There has always been a lot of debate surrounding Norman Pritchard being the first Indian at the Olympics. Though many consider the double silver medallist during the 1900 Paris Games to be the first athlete to represent India at the Olympics, but was it really the case?
A journal published by the International Society of Olympic Historians in the year 2000 reads, “To say that Norman Pritchard represented India is just another example of an error being perpetuated from one book to another, a situation which is all too common in Olympic history.”
So, if not Norman Pritchard, then who was the first Indian at the Olympics is a very frequently asked question in Indian sporting circles. Well, according to many the answer to this question is Phadeppa Dareppa Chaugule.
PD Chaugule was a marathon runner and was one of the six athletes to have been the part of Indian contingent for their first ever Olympics during the 1920 Antwerp Games. Participating in the Games, Chaugule finished a credible 19th with a timing of 2:50:45.
Chaugule is said to have been born somewhere in the early 1900s in the Shahpur village in Belgaum which then fell under the Bombay Presidency. He received his education in Marathi and was an avid wrestler before an injury to his arm forced him to switch to running.
Legend has it that Chaugule’s daily routine included 2000 push-ups and 2000 sit-ups along with bare-foot running of around 56 kilometers. He used to compete in races including 1km, 10km, marathon and cross country bare-foot and emerge victorious.
It was an annual sports event held by the Deccan Gymkhana of Pune in 1919 which changed the life of PD Chaugule forever. Competing in a marathon there, Chaugule managed to impress Dorabji Tata who went on to form the Indian squad for the 1920 Olympics and included him as part of the team for the marathon at Antwerp. Chaugule is said to have trained in London along with the five other members of the squad for the Olympics, all of which was sponsored by Dorabji Tata.
The Olympics, though, wasn’t easy by any means for Chaugule as he faced extreme racism while competing from fans and other athletes alike, who couldn’t digest the fact that a brown man was performing as good as any white man. Before the marathon, he even participated in the 10,000m qualifying heat and was running comfortably before a spectator shot at him with a pistol. Though, bullet missed Chaugule by a whisker, he had to forfeit the race due to the fear for life!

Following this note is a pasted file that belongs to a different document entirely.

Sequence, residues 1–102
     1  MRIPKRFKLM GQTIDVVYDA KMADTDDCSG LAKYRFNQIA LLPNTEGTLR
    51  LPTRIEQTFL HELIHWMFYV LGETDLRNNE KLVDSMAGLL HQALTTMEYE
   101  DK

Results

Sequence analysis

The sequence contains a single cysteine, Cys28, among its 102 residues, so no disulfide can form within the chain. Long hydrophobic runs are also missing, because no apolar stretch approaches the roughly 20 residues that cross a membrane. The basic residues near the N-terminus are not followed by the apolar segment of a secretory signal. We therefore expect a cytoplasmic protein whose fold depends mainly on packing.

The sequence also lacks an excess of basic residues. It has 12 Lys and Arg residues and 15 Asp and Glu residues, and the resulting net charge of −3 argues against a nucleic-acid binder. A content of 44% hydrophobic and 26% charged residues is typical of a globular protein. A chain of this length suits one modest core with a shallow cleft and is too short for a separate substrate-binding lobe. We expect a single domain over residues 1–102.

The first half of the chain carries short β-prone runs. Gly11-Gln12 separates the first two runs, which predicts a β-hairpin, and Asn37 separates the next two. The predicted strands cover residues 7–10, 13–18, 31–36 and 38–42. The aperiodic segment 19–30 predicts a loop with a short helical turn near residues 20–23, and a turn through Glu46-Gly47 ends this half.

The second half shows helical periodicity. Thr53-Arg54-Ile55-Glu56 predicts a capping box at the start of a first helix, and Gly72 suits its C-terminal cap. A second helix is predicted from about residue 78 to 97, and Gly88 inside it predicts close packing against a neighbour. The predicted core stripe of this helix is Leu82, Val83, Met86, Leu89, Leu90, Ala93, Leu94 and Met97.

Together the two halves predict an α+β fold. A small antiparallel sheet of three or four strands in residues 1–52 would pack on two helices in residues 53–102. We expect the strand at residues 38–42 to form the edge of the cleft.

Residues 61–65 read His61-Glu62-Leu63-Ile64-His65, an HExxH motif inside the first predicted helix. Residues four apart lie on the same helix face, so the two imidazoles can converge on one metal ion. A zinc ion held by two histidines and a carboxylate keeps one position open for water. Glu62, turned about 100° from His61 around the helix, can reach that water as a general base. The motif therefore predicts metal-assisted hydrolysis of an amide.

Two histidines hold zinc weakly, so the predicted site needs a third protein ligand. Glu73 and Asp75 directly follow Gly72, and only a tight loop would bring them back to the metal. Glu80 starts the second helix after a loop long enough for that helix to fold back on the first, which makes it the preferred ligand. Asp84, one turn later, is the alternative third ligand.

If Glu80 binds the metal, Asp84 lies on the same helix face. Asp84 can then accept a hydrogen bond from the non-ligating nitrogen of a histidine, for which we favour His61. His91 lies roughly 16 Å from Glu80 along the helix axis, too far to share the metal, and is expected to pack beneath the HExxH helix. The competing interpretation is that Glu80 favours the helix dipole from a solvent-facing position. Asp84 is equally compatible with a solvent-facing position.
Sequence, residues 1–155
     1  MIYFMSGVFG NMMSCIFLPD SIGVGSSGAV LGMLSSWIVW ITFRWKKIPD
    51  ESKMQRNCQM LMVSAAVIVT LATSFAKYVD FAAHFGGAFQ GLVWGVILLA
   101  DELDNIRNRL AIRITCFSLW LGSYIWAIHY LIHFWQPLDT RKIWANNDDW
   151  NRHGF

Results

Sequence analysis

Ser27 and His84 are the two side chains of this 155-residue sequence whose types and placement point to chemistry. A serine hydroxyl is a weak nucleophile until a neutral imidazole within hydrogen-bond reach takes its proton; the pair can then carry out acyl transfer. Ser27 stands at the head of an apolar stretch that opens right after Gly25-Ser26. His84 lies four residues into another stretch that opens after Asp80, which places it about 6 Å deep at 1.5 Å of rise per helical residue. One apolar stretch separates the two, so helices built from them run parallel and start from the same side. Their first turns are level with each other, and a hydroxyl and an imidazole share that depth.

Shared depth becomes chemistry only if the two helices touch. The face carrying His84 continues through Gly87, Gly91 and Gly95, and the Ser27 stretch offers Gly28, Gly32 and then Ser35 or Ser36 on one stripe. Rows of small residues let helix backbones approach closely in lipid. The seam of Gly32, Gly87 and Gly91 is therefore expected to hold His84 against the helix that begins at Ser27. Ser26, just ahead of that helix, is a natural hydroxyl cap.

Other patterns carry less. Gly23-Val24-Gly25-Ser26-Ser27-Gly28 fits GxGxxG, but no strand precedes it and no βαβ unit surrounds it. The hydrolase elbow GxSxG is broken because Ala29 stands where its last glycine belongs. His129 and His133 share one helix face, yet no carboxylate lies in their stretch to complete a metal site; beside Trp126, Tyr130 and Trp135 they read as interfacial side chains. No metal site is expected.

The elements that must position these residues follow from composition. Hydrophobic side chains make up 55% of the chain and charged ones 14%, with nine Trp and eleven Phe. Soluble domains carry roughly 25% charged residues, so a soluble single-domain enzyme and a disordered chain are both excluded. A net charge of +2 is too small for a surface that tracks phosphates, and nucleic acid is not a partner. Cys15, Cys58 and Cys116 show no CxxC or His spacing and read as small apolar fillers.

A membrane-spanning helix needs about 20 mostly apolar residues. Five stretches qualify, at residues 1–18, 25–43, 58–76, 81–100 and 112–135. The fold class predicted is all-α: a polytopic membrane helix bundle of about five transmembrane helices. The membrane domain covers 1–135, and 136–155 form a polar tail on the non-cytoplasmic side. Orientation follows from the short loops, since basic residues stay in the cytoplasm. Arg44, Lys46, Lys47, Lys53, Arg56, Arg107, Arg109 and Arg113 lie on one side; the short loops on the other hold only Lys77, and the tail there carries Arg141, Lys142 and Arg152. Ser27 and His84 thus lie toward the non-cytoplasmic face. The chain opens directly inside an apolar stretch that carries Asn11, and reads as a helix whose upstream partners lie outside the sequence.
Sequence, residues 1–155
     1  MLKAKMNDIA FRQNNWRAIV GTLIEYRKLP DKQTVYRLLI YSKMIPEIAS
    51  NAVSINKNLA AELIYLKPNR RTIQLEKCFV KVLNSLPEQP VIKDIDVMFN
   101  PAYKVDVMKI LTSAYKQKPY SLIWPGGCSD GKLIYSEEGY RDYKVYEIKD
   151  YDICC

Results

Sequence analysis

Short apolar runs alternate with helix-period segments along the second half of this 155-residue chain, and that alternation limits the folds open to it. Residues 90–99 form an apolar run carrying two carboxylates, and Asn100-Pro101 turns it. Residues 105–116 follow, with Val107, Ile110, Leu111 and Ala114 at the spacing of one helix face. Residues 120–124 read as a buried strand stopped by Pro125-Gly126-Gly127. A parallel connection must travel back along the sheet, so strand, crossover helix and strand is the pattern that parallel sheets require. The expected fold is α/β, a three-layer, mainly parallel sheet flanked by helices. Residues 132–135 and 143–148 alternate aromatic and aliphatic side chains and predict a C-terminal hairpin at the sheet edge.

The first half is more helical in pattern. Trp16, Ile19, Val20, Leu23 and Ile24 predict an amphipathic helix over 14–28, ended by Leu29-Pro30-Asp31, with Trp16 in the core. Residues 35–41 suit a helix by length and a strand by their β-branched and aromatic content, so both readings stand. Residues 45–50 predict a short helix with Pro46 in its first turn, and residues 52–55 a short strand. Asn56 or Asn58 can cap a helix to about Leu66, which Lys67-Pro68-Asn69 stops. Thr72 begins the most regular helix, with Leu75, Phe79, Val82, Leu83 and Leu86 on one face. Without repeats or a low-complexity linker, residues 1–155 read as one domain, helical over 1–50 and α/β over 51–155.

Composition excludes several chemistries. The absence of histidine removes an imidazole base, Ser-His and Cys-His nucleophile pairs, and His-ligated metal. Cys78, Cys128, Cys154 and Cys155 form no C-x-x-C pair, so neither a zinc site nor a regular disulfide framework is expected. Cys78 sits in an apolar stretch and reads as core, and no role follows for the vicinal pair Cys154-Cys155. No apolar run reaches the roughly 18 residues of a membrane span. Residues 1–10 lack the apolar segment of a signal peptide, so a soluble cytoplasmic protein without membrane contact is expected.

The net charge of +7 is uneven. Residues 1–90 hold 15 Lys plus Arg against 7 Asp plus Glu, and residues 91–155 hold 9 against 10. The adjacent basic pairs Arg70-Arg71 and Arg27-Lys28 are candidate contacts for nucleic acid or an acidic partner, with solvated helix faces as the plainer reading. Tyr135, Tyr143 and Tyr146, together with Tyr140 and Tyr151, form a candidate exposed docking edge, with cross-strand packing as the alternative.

Chaugule somehow managed to gather courage and participated in the marathon just three days after this incident. The situation was no different this time around as the spectators threw soda cans at him while he was competing. None of this deterred him as he continued with his job and finished the rain-hit marathon at 19th spot.
People close to Chaugule believe that he would have finished the race a lot better if he was allowed to compete bare-foot. He was running in his usual rhythm in the marathon and was on course to a famous finish, before it started drizzling which forced him to slow down. This led to water entering his shoes and made his life even more difficult. With shoe bites in his feet and shoes filled with water, Chaugule somehow managed to finish the race at 2 hours 50 minutes and 45 seconds.
Chaugule was nicknamed named, “Pavananjaya” – The conqueror of wind by the people of Belgaum and he famously used to say, “When I run, I feel like I am flying.” He was even recognised as the best in India by the British Government back then.
Though, a postal cover was released in Chaugle’s name in 2003 and a local cricket tournament is organised with his name in Belgaum, there has been not much recognition for him. In fact, his family continues to live at his house named Pavananjaya and continues to fight for his rights.
The Indian Olympic Association still considers Norman Pritchard as India’s first Olympian – probably because of his two silver medals, but with each passing day PD Chaugule keeps slipping deeper and deeper into oblivion.